Thursday, October 7, 2010
Yesterday evening I took Oskar for a walk up the road. We have a mile route we frequently take, half mile out, half mile back (here in the midst of farmland the roads are long and straight!). The "out" went just fine. As we walked towards home, looking at a beautiful rosy sunset, we approached the farm across the street from our house. No one lives there, it's where a major area farmer keeps most of his equipment and stores his grain.
Someone was loading grain. The loud whirr of the conveyor and the rattle of movement in the huge storage building made that clear. As did the sweet smell in the air.
Just as we walked past, a yellow lab came racing out between two of the storage buildings, running right at us. Oskar whipped around to face the barking dog, and in the process his rear legs went out from under him. At 12 years old, he has some arthritis in his hips and spine. When he goes down, he needs help to get up. But I could not help him because the lab kept approaching and jabbering at us.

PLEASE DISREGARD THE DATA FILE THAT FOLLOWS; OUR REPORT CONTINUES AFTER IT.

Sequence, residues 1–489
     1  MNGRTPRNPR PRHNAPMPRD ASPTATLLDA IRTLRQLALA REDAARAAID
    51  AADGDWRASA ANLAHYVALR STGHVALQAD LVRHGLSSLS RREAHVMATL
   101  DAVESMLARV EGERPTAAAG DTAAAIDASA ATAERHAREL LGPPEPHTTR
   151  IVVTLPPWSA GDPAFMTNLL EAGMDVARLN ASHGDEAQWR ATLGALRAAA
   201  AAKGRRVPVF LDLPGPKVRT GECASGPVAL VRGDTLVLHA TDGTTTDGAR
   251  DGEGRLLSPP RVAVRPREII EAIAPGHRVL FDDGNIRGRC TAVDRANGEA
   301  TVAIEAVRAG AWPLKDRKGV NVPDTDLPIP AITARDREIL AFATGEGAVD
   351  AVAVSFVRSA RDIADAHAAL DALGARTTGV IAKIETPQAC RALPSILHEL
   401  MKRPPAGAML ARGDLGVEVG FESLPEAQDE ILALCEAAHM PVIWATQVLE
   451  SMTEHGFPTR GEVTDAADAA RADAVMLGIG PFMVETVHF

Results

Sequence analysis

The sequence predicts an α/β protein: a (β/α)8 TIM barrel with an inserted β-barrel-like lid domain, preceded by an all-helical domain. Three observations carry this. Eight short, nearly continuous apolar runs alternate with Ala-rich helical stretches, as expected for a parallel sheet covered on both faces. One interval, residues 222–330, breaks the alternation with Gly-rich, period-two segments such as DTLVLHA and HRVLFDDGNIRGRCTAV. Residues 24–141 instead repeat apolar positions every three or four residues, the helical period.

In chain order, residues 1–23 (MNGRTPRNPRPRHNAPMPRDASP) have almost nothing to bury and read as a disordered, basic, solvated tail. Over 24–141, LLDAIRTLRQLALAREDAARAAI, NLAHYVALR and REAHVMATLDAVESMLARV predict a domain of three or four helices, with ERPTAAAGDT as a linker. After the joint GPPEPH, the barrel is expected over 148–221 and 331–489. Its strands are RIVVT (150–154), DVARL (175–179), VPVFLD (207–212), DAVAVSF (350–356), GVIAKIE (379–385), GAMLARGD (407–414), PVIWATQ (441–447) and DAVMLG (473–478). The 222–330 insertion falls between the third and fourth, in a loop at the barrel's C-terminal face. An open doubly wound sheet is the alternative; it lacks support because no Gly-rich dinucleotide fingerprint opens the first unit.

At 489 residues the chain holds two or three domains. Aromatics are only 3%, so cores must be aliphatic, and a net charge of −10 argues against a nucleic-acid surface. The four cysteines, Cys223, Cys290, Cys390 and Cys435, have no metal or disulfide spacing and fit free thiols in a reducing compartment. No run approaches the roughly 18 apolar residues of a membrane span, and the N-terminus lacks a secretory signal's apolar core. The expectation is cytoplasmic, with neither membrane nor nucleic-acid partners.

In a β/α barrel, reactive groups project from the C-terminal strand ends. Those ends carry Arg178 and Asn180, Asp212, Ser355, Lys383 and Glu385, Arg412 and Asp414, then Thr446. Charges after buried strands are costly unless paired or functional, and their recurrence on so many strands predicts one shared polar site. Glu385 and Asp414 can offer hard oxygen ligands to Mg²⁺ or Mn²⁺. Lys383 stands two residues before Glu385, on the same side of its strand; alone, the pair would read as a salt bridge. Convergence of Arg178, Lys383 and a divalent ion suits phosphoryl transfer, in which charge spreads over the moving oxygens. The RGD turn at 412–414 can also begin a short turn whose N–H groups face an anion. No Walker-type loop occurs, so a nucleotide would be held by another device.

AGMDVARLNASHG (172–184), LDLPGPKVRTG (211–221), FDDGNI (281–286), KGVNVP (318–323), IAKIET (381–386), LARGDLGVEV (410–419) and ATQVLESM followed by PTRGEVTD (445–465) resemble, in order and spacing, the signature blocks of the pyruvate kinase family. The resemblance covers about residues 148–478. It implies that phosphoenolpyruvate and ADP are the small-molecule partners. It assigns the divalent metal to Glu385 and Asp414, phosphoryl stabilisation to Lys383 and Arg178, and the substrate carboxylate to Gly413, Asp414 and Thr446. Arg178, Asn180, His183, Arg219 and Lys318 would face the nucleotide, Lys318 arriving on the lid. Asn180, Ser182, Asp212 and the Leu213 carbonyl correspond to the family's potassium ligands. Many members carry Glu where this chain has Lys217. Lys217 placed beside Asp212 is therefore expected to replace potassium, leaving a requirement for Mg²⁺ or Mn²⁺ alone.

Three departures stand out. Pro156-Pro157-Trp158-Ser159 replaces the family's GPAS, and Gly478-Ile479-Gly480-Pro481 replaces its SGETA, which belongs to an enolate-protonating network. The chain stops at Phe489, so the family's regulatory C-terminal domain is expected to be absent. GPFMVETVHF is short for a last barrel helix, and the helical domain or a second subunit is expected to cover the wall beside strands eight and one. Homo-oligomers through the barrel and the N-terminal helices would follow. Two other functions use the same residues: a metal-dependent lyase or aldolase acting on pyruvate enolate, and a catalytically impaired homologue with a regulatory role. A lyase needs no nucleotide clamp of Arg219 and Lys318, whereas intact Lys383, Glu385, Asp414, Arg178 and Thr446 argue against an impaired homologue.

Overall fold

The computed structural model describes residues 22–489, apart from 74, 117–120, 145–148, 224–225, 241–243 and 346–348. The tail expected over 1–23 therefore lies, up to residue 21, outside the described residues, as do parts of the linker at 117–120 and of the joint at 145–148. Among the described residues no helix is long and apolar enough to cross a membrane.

I yelled "come get your dog!", but whoever was there did not hear because of all the grain noise. I yelled some more, then finally launched a loud, high pitched scream.
Out came the farmer's wife, hollered at her dog who immediately left the street and returned to her. I waited until I knew he was gone, then gently lifted Oskar's rear end, helping to steady him on his feet.
As we walked across the street to home he kept looking over his shoulder, lest that dog come at us again.
When they first got that dog, they'd arrive at the farm and he'd jump right out of the truck and race over to bark at my dogs in their fence. I asked them to keep him across the street. They did for a while, but then he was back. I finally left a note for the patriarch of the family stating that their dog made my dogs crazy, and that I was concerned for the safety of my chickens out behind my barn. I got home that day to a brief phone message. "This is Karl. It won't happen again."
My dogs are not farm dogs. I manage their access to trouble. I wish that lab was not a farm dog, either.